The Ontario Superior Court has struck down the Ford Government’s “Student Choice Initiative”.
The SCI is a program of voluntary student-unionism (VSU) that the state government imposed last January (see here for a refresher). The court decision is here. It’s a full defeat for the provincial government, the policy is declared void, but it’s unclear if and how student organizations will be compensated for lost revenue from the autumn term.
Victory is ours
A lot of people are arguing this is a victory for SUs and for the cause of student associations in Canada generally. It is certainly the former, but the latter is a lot less clear. My read of the ruling is that the court rebuked the provincial government for trying to do something by policy directive that it should have done through legislation, and that the government is free to have a second shot at this issue simply by passing a law with the same provisions.
It’s not certain they will do that – the Ford government is in a more touchy-feelie mode today than it was ten months ago, when a version of hyper assertive Conservatism was ascendant – but the option certainly seems to be there. The ruling does not accord some magical regulatory/legal exemption status to SUs, which is why smart student unions in Ontario (and Alberta and New Brunswick, where governments have also mused about voluntary student unionism) need to take the next couple of months to learn some lessons.
Learning the lessons
The first lesson that needs to be learned is: why did some students opt-out and others stay in? There is no rolled-up system wide data on this, but from a dozen or so press reports, it seems that system-wide only about 25% of students chose to opt-out of fees (it’s difficult to do averages, because within a single campus there might be quite different rates of opt-out for different services).
From the published report I’ve been able to dredge up online, most campuses seem to cluster around opt-out rates of 20-25%, which is miles better than what happened in Australia when VSU was introduced and rates of 80-90% opt-out were not uncommon.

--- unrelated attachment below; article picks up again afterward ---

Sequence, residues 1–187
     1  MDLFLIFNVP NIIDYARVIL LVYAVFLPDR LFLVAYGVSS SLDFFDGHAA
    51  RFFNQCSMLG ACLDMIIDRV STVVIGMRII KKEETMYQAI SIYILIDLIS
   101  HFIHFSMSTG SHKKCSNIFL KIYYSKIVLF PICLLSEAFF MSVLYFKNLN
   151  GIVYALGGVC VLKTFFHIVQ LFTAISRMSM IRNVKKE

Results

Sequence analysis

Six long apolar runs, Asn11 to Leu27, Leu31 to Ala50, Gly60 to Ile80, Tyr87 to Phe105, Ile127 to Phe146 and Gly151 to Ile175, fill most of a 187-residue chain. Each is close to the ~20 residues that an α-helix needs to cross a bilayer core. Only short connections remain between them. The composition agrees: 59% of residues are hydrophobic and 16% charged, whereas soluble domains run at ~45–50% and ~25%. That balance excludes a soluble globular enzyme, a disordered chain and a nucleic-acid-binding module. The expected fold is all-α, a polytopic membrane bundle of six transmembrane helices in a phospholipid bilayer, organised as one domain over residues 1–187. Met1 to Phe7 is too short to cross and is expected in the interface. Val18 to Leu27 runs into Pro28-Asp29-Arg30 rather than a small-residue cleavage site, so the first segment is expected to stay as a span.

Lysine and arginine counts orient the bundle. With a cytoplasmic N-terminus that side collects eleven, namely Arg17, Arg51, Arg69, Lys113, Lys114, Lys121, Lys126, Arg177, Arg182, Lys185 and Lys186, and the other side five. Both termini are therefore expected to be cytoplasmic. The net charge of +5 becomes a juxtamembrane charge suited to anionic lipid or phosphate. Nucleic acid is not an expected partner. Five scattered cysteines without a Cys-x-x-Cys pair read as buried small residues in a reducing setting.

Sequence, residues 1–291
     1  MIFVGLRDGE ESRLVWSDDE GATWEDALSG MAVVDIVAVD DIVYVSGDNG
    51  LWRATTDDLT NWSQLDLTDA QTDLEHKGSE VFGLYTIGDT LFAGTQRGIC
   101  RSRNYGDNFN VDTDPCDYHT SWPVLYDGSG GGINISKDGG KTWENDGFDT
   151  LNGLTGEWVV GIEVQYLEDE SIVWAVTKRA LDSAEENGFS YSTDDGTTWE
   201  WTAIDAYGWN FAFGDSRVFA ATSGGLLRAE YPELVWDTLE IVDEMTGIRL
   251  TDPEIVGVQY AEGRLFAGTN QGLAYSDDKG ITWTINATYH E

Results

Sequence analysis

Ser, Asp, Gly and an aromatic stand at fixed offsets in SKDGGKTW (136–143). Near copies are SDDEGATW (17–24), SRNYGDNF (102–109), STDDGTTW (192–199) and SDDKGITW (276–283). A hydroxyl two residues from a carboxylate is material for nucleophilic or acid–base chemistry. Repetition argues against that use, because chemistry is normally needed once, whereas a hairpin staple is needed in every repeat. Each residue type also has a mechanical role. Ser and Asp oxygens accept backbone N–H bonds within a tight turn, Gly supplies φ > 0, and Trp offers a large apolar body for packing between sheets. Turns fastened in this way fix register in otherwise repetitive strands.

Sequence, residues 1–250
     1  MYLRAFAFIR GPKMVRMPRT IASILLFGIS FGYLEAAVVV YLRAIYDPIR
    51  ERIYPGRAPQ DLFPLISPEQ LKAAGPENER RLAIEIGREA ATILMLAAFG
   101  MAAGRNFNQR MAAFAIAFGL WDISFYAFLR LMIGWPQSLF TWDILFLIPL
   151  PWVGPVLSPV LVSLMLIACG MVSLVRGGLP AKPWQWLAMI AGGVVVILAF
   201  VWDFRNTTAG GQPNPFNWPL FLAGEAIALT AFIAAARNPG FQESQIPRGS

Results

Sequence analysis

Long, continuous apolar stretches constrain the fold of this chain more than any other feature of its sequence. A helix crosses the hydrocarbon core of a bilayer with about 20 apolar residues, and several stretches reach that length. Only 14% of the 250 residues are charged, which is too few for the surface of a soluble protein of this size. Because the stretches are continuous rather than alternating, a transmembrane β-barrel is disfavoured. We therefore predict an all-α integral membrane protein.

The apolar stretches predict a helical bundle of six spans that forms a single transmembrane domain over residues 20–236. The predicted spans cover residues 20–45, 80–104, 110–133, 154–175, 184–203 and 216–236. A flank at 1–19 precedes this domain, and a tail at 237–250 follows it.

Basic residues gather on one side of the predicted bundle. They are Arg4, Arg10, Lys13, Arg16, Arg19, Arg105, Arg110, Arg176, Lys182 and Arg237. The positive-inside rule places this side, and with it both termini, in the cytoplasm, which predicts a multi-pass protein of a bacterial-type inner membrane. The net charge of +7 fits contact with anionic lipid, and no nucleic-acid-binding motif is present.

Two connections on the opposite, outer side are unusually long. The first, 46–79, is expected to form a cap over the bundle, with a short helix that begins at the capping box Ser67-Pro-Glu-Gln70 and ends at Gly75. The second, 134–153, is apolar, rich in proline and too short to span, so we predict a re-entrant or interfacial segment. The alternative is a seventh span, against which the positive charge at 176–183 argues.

But it’s by no means universal: at Ryerson University, for instance, the opt-out rate was more like 50%. Undoubtedly that has something to do with the massive financial scandal that occurred at the Ryerson Students’ Union last year, but if so, students were remarkably indiscriminate in their reaction (funds to help refugee students were down 50%, too).
Yes but why
So why were there different rates? Was it because some SUs ran better campaigns than others (I liked the ones at Brock and Western in particular)? Was it a commuter campus vs. residential campus thing (seems hard to square with low drop-out rates at places like Algonquin and Conestoga and high ones at Ryerson)?
Or did it have something to do with the way that universities themselves offered the opt-out choices to students? Universities and SUs didn’t always see eye-to-eye on how the process should unfold (there was a bit of a bunfight at Queen’s about this in the summer), and given the control institutions had over a process crucial to student unions’ survival, it’s surprising that public disputes didn’t happen more often.
We know very little about how the choice was put to students, but I was struck by the comments of a group of Guelph student leaders to the effect that they didn’t want to talk publicly about the SCI because “opt-in rates were better-than-expected because students were unaware of the initiative — and that any additional media coverage would lead to more people opting out”, which at the very least suggests that not all students thought the design of the opt-out was as front-and-centre as they might have been.
But understanding the opt-out decision is only part of the story; the other half is that student organizations received a very sharp message about what students actually think of them.
One of the salutary effects of the SCI was that many organizations – student media in particular – were suddenly confronted both with the need to court an audience and the need to work with leaner budgets. That’s not a bad thing, and post-SCI SUs might want to think about how they can incentivize campus organizations – including themselves – to maintain this focussed on being lean and responsive.
Because mark my words, this isn’t over yet. The genie is out of the bottle, and even if the Ford government does not attempt to re-introduce VSU, someone else is going to try the same thing and the Superior Court ruling lays out a pretty clear path for anyone who wishes to do so. In the long run, student unions are only going to win this fight by being representative, responsive and transparent.
What happened at Ryerson last year is not an entirely isolated example: significant financial scandals happen every year or two, and chicanery around election-time is far too wide-spread. Some kind of enforceable standards of good practice – possibly including accreditation – are almost certainly necessary going forward.
In short: SUs in Ontario have been given a reprieve, no more. It would be a shame to waste it.
A version of this article first appeared on Alex Usher’s excellent blog on Canadian higher education